With sites such as Faktomat in Germany, Chequeado in Argentina and Les Decodeurs in France, political fact-checking is expanding rapidly around the globe, according to a new analysis by the Duke University Reporters’ Lab.
The study found 59 sites that have done fact-checking in the last few years, including 44 currently active.
More than two-thirds use rating systems such as the Truth-O-Meter, El Poligrafo or Pinocchios. The ratings typically include a true to false scale, although some use terms as such “Rubbish,” “Deceitful” and “Insane Whopper.”
The Reporters’ Lab analysis, which was done in advance of a Poynter Institute conference to be held in London in June, is believed to be the first study to examine the growth of fact-checking around the world. The second phase of the study, to be conducted by University of Wisconsin journalism professor Lucas Graves, will be a qualitative analysis of global fact-checking that will be presented at the conference.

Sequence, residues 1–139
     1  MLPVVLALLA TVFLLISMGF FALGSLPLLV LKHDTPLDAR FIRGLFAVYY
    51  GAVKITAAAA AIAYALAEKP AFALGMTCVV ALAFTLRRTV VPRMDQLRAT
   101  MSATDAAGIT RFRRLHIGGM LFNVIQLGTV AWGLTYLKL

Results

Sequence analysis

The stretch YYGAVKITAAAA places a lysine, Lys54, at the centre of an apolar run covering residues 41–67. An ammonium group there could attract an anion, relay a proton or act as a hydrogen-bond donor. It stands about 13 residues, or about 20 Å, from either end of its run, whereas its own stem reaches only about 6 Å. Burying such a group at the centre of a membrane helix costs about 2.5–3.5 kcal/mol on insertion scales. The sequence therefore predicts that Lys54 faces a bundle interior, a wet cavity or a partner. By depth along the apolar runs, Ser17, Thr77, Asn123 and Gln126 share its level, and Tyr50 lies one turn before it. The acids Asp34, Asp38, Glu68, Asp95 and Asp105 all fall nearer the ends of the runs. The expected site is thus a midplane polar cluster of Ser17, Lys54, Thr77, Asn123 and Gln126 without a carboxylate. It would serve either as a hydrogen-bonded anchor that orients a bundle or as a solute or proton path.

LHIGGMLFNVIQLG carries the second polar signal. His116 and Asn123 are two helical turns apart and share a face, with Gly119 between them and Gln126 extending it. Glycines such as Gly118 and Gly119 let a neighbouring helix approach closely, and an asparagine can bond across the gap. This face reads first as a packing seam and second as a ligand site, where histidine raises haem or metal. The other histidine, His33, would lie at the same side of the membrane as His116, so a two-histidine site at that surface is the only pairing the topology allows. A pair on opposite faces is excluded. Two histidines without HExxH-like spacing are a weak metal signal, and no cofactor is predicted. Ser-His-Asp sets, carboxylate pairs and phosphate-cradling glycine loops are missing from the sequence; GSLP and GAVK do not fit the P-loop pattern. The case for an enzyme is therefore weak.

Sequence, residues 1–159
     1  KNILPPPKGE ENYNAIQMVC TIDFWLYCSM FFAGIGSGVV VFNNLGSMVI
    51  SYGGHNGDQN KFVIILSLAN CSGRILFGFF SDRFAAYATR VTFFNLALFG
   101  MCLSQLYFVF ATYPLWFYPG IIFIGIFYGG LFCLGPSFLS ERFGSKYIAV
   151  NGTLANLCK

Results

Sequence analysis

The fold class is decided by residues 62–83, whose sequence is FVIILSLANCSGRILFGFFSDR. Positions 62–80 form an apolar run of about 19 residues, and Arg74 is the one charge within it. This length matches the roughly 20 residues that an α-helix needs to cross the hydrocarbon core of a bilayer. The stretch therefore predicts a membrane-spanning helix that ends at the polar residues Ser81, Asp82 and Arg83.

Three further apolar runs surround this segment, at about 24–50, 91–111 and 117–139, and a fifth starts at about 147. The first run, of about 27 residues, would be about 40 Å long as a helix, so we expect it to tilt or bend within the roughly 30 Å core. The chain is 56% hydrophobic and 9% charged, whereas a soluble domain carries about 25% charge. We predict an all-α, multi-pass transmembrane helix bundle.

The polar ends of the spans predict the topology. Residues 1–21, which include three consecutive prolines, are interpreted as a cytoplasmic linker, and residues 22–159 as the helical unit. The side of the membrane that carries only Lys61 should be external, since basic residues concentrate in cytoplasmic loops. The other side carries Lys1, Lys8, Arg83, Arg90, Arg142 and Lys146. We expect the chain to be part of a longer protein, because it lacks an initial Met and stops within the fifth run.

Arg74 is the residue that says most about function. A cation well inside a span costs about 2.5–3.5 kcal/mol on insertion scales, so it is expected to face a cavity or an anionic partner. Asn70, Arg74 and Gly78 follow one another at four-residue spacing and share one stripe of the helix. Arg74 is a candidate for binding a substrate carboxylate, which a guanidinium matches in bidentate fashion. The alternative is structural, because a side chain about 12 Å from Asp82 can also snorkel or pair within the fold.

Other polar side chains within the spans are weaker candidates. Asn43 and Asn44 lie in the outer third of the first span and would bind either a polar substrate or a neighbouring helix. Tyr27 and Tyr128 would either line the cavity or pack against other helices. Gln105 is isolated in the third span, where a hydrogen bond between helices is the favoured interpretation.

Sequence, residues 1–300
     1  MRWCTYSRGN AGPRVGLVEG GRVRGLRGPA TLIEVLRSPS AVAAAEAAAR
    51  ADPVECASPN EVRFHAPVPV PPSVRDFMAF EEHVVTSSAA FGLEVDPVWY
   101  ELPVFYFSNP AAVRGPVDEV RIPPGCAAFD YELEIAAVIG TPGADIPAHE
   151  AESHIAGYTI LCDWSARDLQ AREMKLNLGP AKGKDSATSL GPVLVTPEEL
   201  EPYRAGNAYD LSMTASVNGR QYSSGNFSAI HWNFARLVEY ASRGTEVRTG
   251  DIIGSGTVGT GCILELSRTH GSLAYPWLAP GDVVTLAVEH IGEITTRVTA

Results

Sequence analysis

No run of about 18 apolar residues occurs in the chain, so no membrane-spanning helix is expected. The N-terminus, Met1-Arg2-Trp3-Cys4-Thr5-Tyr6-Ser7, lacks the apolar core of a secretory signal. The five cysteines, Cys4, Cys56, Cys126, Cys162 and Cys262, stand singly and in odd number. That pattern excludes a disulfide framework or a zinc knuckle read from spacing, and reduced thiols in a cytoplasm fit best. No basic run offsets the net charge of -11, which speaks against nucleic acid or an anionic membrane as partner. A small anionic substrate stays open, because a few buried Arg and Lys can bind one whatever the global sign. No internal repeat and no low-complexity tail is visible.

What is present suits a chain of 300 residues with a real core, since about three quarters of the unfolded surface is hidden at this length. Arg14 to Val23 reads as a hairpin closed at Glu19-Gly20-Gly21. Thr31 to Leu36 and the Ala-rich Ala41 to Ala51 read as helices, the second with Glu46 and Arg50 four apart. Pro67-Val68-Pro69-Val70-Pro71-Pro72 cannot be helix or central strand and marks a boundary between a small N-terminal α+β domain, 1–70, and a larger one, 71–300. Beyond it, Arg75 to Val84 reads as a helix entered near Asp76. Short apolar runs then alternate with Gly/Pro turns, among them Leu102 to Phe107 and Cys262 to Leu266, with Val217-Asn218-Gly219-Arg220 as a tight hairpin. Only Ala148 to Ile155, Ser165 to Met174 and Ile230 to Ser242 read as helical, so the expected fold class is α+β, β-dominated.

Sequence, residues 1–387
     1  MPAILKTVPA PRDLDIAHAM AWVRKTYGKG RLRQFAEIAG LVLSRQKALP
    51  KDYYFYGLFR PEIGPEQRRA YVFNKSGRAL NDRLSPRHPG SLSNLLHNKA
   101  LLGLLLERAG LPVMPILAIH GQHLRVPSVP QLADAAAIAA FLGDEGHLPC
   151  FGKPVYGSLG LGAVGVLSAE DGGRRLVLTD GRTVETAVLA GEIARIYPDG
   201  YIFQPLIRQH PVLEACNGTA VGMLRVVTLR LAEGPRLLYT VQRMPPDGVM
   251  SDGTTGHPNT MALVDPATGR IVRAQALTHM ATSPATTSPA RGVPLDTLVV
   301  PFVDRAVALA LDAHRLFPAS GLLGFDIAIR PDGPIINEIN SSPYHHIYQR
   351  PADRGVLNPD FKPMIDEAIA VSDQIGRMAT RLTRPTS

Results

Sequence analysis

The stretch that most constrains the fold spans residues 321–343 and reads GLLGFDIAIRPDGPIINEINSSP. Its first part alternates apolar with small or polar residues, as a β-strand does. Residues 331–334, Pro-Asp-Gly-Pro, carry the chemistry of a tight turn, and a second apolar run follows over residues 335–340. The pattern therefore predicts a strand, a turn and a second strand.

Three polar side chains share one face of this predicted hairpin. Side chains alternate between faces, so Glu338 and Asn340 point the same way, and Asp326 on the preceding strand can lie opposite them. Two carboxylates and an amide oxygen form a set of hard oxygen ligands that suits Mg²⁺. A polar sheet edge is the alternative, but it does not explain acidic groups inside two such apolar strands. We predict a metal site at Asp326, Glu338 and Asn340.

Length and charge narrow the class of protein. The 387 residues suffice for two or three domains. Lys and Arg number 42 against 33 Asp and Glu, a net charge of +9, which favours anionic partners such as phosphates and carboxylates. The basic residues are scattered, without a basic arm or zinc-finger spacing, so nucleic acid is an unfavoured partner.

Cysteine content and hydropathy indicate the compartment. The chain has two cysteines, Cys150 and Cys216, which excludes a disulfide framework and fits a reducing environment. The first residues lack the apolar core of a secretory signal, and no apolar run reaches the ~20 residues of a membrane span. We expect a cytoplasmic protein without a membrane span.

The Duke study found that about half the sites are affiliated with newspapers, television networks or other legacy media organizations. The other half are run by startup companies or not-for-profit groups.
Much of the growth has come in the last two years, with 27 new sites since January 2012. But some sites were temporary and were suspended after elections.
The largest number of fact-checking sites are clustered in Europe (21 active) and North America (15 active). The analysis found two active sites in South America and one in Africa.
The study counted organizations with dedicated fact-checking operations of one or more people. It does not include news organizations whose reporters do fact-checking as part of their day-to-day work.
— Shannon Beckham contributed research assistance for this article.